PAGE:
Updated: 10/1/2019

Digoxin

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Snapshot
  • A 50-year-old man with a past medical history of renal failure and dilated cardiomyopathy presents to the emergency room for nausea, vomiting, and blurry vision. He noticed that previously white objects now look yellow. He was recently started on digoxin. An echocardiogram reveals an atrioventricular block. He is found to be hyperkalemic. He is given an antidote for suspected digoxin toxicity. 
Introduction
  • Drug
    • a cardiac glycoside derived from the foxglove plant, digitalis purpurea
  • Mechanism of action
    • direct reversible inhibition of Na+/K+-ATPase
      • causing ↑ in intracellular Na+ and ↓ in intracellular K+
    • indirectly inhibits Na+/Ca2+-exchanger
      • the increased intracellular Na+ prevents expulsion of Ca2+ from the cell and increases intracellular Ca2+
    • this results in
      • ↑ free Ca2+ ions 
      • ↑ inotropy and contractility 
      • ↑ vagal tone 
        • ↓ conduction through sinoatrial and atrioventricular nodes
        • ↓ heart rate
  • Clinical use
    • heart failure
    • left ventricular dysfunction
    • atrial fibrillation
Toxicity
  • Toxicity can be fatal
  • Clinical manifestations
    • gastrointestinal symptoms (most common)
      • nausea
      • vomiting
      • abdominal pain
      • diarrhea
    • vision changes 
      • yellow halos around objects
      • blurry vision
    • hyperkalemia
    • arrhythmias
  • Risk factors for severe toxicity
    • renal failure 
    • hypokalemia 
      • K+ competes with digoxin for binding sites and excretion
      • low K+ allows digoxin to bind at K+ binding sites on Na+/K+ ATPase 
  • Evaluation
    • serum digoxin concentration
    • serum potassium
    • serial electrocardiograms
  • Treatment
    • digoxin antibodies (anti-digoxin Fab fragments) 
    • Mg2+
    • activated charcoal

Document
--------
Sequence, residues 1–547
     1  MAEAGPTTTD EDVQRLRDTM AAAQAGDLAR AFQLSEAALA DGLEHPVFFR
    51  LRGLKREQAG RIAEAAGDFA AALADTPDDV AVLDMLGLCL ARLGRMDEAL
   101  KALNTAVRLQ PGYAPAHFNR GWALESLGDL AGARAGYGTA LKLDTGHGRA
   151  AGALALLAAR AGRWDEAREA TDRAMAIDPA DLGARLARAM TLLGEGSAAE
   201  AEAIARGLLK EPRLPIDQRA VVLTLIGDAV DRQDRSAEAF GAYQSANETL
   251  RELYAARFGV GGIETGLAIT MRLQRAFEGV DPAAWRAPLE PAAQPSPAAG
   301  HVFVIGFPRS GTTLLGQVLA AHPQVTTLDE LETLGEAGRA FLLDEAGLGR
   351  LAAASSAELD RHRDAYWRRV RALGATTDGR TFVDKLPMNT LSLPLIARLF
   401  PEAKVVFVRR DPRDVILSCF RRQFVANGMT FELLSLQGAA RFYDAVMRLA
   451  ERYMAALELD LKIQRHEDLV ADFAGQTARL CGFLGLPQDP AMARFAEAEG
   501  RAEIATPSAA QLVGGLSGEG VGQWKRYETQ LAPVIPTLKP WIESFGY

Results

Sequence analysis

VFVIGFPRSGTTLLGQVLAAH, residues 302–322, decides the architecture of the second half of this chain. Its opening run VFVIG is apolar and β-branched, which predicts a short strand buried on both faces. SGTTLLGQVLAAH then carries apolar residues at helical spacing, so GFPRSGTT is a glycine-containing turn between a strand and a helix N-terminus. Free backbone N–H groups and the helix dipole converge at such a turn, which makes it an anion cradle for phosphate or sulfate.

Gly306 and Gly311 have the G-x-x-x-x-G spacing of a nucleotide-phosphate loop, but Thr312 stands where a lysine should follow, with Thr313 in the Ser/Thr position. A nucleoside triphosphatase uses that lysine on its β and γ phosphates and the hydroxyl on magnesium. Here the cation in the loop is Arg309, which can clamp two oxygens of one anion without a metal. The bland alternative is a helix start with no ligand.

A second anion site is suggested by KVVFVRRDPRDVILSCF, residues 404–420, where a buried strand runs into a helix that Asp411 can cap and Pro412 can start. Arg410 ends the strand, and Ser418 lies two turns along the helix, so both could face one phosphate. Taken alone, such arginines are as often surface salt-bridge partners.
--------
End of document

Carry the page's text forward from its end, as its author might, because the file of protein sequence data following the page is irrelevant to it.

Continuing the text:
• for those who present within 1-2 hours of ingestion
 

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Questions (2)
Lab Values
Blood, Plasma, Serum Reference Range
ALT 8-20 U/L
Amylase, serum 25-125 U/L
AST 8-20 U/L
Bilirubin, serum (adult) Total // Direct 0.1-1.0 mg/dL // 0.0-0.3 mg/dL
Calcium, serum (Ca2+) 8.4-10.2 mg/dL
Cholesterol, serum Rec: < 200 mg/dL
Cortisol, serum 0800 h: 5-23 μg/dL //1600 h:
3-15 μg/dL
2000 h: ≤ 50% of 0800 h
Creatine kinase, serum Male: 25-90 U/L
Female: 10-70 U/L
Creatinine, serum 0.6-1.2 mg/dL
Electrolytes, serum  
Sodium (Na+) 136-145 mEq/L
Chloride (Cl-) 95-105 mEq/L
Potassium (K+) 3.5-5.0 mEq/L
Bicarbonate (HCO3-) 22-28 mEq/L
Magnesium (Mg2+) 1.5-2.0 mEq/L
Estriol, total, serum (in pregnancy)  
24-28 wks // 32-36 wks 30-170 ng/mL // 60-280 ng/mL
28-32 wk // 36-40 wks 40-220 ng/mL // 80-350 ng/mL
Ferritin, serum Male: 15-200 ng/mL
Female: 12-150 ng/mL
Follicle-stimulating hormone, serum/plasma Male: 4-25 mIU/mL
Female: premenopause: 4-30 mIU/mL
midcycle peak: 10-90 mIU/mL
postmenopause: 40-250
pH 7.35-7.45
PCO2 33-45 mmHg
PO2 75-105 mmHg
Glucose, serum Fasting: 70-110 mg/dL
2-h postprandial:<120 mg/dL
Growth hormone - arginine stimulation Fasting: <5 ng/mL
Provocative stimuli: > 7ng/mL
Immunoglobulins, serum  
IgA 76-390 mg/dL
IgE 0-380 IU/mL
IgG 650-1500 mg/dL
IgM 40-345 mg/dL
Iron 50-170 μg/dL
Lactate dehydrogenase, serum 45-90 U/L
Luteinizing hormone, serum/plasma Male: 6-23 mIU/mL
Female: follicular phase: 5-30 mIU/mL
midcycle: 75-150 mIU/mL
postmenopause 30-200 mIU/mL
Osmolality, serum 275-295 mOsmol/kd H2O
Parathyroid hormone, serume, N-terminal 230-630 pg/mL